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IRS Moving Cautiously as It Reboots Enforcement Efforts

Posted on Jul. 23, 2020

Careful and alert are the watchwords for IRS enforcement and collections operations as the agency moves forward after expiration of its People First Initiative, according to a senior IRS official.

“Our return to enforcement activities is going to be gradual,” Darren Guillot, deputy commissioner for collections and operations support in the IRS Small Business/Self-Employed Division, said July 22. “It's not going to resume like a light switch.”

Speaking on an American Bar Association Section of Taxation webinar, Guillot said the IRS is continuing to reopen amid the coronavirus pandemic, with 75 percent of collections operations support personnel working remotely — up from 5 percent pre-pandemic. He noted that the number of automated collection support employees has risen from less than 2,000 before the pandemic to 2,889 today, with all additional hires having been recruited and trained remotely.

“Despite all these barriers the last five months have brought us, we've been able to increase our ability to answer more phone calls,” Guillot said.

The IRS’s enforcement efforts are picking up again after the July 15 expiration of its People First Initiative, which delayed or deferred payments and ceased almost all field collections and enforcement actions.

Thanks to that initiative, the Taxpayer Advocate Service has seen a dip in its collections workload, according to National Taxpayer Advocate Erin Collins. “Our numbers on collection issues have gone down considerably,” she said on the webinar. “I think new cases are not coming in because the IRS has pencils down.”

Bad Time for Tax Crime

The post-People First environment will see intensified activity in some areas deemed important to preserve and improve tax compliance, Guillot said, adding that the IRS will be aided by new data tools and enforcement strategies.

“I don't think anyone could have picked a worse moment in history to be a tax criminal,” Guillot said. “You'll be seeing that for yourselves in the coming months.”

High-income nonfilers remain a special concern for the IRS, Guillot said. The agency has initiated a program called Surround Sound to determine which cases should be referred to examination for audit and which to the Criminal Investigation division for fraud, he noted, reiterating his remarks on the topic from the previous week.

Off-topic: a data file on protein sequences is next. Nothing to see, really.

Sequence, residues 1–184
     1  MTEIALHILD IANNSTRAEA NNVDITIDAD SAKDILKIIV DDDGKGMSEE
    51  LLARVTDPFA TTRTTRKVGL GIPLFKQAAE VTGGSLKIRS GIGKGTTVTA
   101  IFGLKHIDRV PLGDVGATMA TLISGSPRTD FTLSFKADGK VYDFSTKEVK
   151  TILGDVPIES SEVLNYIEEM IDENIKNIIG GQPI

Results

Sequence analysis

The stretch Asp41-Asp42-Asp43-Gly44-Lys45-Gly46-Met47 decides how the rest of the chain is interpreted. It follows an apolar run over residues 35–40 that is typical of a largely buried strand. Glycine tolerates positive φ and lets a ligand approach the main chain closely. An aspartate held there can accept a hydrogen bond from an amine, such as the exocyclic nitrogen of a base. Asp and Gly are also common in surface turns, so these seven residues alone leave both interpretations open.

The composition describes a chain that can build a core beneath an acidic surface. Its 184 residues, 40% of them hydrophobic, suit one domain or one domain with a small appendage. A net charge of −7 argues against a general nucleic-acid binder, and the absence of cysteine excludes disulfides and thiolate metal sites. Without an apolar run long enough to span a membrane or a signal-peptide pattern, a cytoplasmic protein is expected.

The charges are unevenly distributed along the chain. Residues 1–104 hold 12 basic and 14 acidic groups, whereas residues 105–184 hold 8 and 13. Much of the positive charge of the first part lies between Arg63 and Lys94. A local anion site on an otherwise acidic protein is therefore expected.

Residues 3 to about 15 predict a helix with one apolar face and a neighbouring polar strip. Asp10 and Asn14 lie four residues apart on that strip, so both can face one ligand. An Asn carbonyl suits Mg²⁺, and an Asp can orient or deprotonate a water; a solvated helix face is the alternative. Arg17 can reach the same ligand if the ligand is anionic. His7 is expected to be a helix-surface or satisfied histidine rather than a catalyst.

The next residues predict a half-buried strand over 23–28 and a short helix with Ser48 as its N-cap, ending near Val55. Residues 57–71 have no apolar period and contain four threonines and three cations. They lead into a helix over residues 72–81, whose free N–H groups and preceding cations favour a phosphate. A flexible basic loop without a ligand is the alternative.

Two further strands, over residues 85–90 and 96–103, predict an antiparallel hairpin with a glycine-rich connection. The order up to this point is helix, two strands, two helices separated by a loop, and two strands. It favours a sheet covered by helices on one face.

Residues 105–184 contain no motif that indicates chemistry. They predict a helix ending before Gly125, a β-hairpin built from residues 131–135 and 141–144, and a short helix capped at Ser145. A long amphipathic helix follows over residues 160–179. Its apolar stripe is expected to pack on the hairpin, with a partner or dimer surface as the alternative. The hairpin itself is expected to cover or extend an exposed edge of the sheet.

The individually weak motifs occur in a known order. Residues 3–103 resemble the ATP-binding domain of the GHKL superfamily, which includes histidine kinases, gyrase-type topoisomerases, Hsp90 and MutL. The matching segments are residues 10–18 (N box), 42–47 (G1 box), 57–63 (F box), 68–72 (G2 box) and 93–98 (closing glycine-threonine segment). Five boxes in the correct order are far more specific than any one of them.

IRS in-person visits in February — part of the agency’s Hi-Def program to identify high-income nonfilers — brought many into compliance, but the collection queue still has more than 983,000 cases pending, Guillot said.

The IRS is also continuing its crackdown on employment tax avoidance, Guillot said. The agency had reduced the amount of unpaid employment taxes by $5 billion through fiscal 2019, compared with five years earlier, he noted, but he added that collections employees still have almost 530,000 employment tax cases on their plates.

In addition to liens, levies, seizures, trust fund penalties, and fraud referrals of employment tax cases, the IRS is also pursuing civil fraud penalties, Guillot said.

Cutting Slack

With the pandemic ongoing, the IRS is still easing up on some taxpayers, Guillot said. “We are not returning to the status quo,” he said. “We are getting back to business, but we’re doing it in a smart and compassionate way.”

IRS offices are reopening with social distancing and physical barriers to protect employees and taxpayers, but will limit operations or close offices if necessary to prevent the spread of the coronavirus, he noted, echoing comments made by IRS Commissioner Charles Rettig the previous day.

Face-to-face contact between taxpayers and IRS field collections employees will occur “only in exceptional cases,” Guillot said. These include elections in jeopardy, placing assets beyond the reach of the government, and continued pyramiding of employment tax liability, he said.

Pending offers in compromise may now be closed without taxpayer consent, Guillot said. But the agency isn’t defaulting to installment agreements because the taxpayer filed a return with a balance due, he said. Instead, the new balance can be added to the existing installment agreement to avoid default, he said.

IRS automated collections are also temporarily refraining from asking for taxpayer financial statements for those who owe less than $250,000 and can pay their tax debts within the statutory time frames, Guillot said.

Guillot pointed out that he issued a memo to collections managers and employees on July 6 “encouraging and authorizing our revenue officers and employees to emphasize greater flexibility.” IRS collections officers will take into account the impact of unemployment, local coronavirus conditions, and other mitigating factors, he said.

“Enforcement is a last resort,” Guillot said. “It's never a first resort.”

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